Interpreting the Nordic Occupational Safety Climate Questionnaire NOSACQ-50 results

The results of the NOSACQ-50 reflect the participants' perceptions of the safety climate, and not necessarily the actual conditions. The survey provides a 'snapshot' of conditions that can easily change.

Please ensure you have read the soft guidelines, and remember the survey results should be seen as a tool for dialogue and development – not as a “grade book”. The results reflect the participants' perceptions of the safety climate, and not necessarily the actual conditions. The survey provides a 'snapshot' of conditions that can easily change. The results should therefore be interpreted carefully. There are no standard solutions to the problems, and it is important to distinguish between basic conditions of work that are “part of the job” (e.g. outdoor weather effects) and factors that can/should be changed. 

NOSACQ-50 results are best compared with (in prioritised order):

A) The scale mean: The mathematical mean for the scale 1-2-3-4 is 2.5. So in principle results over 2.5 are positive (but there is usually room for improvement). 

B) Study-group mean: Compare the subgroup means to the overall study group mean, e.g. the specific company, work site, etc. 

C) Possible comparisons to results from similar and specific NOSACQ-50 studies - this could be by company type (e.g. other chemical companies), type of organisation (with a similar structure, and/or similar health & safety management systems), language (i.e. other native language studies), etc. 

D) NOSACQ-50 database - only for the sake of curiosity. The current database is not based on a representative sample, but is rather bias towards only those companies interested in being measured, many of which have a very (pro)active health & safety management system. 

The following are preliminary guidelines for interpreting the results of a survey. They are based on the current data in the international NOSACQ-50 database, and will be undergoing developed as the database grows in size with results from around the world.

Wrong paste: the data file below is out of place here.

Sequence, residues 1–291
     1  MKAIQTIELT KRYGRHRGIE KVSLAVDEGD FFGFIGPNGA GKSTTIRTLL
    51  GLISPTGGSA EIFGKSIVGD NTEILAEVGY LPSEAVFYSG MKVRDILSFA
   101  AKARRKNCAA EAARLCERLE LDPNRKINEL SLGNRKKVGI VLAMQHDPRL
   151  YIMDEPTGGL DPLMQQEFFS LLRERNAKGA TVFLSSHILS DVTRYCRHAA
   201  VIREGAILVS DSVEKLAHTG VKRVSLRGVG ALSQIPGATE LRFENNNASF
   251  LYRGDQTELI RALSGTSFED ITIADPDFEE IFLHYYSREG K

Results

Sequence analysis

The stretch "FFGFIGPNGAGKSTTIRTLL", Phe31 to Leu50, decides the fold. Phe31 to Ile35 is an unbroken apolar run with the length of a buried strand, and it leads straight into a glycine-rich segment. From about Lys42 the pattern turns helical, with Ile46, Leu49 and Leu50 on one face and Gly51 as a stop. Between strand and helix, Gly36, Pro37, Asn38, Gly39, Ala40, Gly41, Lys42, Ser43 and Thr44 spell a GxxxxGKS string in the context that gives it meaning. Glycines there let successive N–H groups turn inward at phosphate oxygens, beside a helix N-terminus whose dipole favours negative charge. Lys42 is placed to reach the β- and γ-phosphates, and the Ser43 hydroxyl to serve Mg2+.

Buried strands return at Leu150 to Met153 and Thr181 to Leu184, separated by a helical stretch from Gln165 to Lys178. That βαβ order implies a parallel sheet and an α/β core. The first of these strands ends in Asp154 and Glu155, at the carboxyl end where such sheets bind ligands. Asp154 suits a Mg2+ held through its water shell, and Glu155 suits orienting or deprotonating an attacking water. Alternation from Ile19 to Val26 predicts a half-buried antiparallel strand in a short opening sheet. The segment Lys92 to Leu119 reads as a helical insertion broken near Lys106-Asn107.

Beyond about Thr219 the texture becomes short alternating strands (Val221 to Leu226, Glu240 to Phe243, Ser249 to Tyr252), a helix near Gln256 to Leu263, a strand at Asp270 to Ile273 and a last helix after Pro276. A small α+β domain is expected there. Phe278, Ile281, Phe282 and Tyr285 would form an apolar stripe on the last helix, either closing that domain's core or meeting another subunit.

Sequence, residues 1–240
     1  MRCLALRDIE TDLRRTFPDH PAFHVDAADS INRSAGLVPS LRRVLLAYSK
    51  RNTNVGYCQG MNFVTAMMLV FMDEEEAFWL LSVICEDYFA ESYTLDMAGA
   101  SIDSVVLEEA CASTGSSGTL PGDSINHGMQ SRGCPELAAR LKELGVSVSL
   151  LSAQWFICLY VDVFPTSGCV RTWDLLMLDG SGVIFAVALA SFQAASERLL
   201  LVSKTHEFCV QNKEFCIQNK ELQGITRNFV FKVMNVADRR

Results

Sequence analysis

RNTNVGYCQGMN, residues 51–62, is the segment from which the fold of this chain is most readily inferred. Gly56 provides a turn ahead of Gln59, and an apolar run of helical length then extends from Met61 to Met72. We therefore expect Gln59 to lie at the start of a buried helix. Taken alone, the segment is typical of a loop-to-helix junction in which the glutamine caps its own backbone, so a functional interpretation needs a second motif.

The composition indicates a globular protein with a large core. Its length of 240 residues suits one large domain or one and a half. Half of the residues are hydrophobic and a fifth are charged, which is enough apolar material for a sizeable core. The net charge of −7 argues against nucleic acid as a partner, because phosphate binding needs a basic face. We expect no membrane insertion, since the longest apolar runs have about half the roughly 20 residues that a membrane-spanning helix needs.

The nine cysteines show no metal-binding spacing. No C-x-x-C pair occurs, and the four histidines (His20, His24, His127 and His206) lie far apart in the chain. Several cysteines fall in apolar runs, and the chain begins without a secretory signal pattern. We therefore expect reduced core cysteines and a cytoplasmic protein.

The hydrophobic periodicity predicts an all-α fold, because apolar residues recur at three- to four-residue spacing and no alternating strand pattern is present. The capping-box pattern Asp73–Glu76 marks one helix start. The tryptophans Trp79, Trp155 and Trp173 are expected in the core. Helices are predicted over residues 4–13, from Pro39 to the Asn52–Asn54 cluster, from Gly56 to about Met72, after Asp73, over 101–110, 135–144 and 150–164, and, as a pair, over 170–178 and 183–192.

A rule of thumb for interpreting the results of each dimension:

  • A score of more than 3.30 indicates a good level allowing for maintaining and continuing developments
  • A score of 3.00 to 3.30 points to a fairly good level with slight need of improvement
  • A score of 2.70 to 2.99 shows a fairly low level with need of improvement 

A score below 2.70 indicates a low level with great need of improvement A Masters student has proposed a link between these NOSACQ-50 score categories and Hudson's (2003) levels of safety culture - ranging from the pathological (less than 2.4), reactive (2.4-2.69) and calculative (2.7-2.99) levels to the proactive (3.0-3.30) and generative (greater than 3.30) levels. 

The table below provides more accurate dimension means, based on the international data in the current database. The grand means are for responses from 'workers' and 'leaders' (managers & supervisors) respectively.

NOSACQ-50 dimensions

Grand

mean

Standard

deviation

Variance

Cronbach's

alpha

(reliability)

Workers (n=55,778)        
  Dim 1 - Management safety priority and ability  3.04 .49 .24 .86
  Dim 2 - Management safety empowerment  2.95 .48 .23 .84
  Dim 3 - Management safety justice  2.98 .50 .25 .80
  Dim 4 - Worker safety commitment  3.17 .46 .22 .77
  Dim 5 - Workers safety priority and risk non-acceptance  2.98 .51 .26 .78
  Dim 6 - Peer safety communication, learning, and trust in safety ability  3.14 .42 .18 .84
  Dim 7 - Workers trust in the efficacy of safety systems  3.22 .44 .20 .82
         
Leaders (managers & supervisors) (n=16,081)        
  Dim 1 - Management safety priority and ability  3.27 .45  .20  .84
  Dim 2 - Management safety empowerment  3.18 .46  .21  .84
  Dim 3 - Management safety justice  3.21  .47  .22  .80
  Dim 4 - Worker safety commitment  3.28  .45  .20  .76
  Dim 5 - Workers safety priority and risk non-acceptance  3.16  .49  .24  .79
  Dim 6 - Peer safety communication, learning, and trust in safety ability  3.27  .42  .17  .85
  Dim 7 - Workers trust in the efficacy of safety systems  3.35  .43  .19  .83

Revised data: August 2019, with a total of 55,778 'worker' and 16,081 'leader' (manager & supervisor) respondents from 499 different work sites or studies in 37 industrial sectors on 6 continents, using 27 different language versions. Mean age = 41 (age range 15-91), males = 77%, females 23%.

Sector specific benchmarks: You can receive up-to-date sector specific banchmarks when you submit your data for inclusion in the international database. Please indicate which of the following sectors you would like benchmark data from: Agriculture/Forestry, Construction, Energy, Healthcare, Manufacturing, Mining, Service or Transport.